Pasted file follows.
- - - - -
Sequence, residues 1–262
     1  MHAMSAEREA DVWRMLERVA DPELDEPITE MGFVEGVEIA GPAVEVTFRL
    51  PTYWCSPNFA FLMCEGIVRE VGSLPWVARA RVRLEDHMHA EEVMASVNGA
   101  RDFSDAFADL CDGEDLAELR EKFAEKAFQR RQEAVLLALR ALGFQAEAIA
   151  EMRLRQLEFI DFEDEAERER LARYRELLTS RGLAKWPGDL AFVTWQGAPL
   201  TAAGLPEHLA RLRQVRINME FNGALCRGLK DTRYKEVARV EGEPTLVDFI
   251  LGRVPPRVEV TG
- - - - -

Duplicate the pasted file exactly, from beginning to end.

Sequence, residues 1–262
     1  MHAMSAEREA DVWRMLERVA DPELDEPITE MGFVEGVEIA GPAVEVTFRL
    51  PTYWCSPNFA FLMCEGIVRE VGSLPWVARA RVRLEDHMHA EEVMASVNGA
   101  RDFSDAFADL CDGEDLAELR EKFAEKAFQR RQEAVLLALR ALGFQAEAIA
   151  EMRLRQLEFI DFEDEAERER LARYRELLTS RGLAKWPGDL AFVTWQGAPL
   201  TAAGLPEHLA RLRQVRINME FNGALCRGLK DTRYKEVARV EGEPTLVDFI
   251  LGRVPPRVEV TG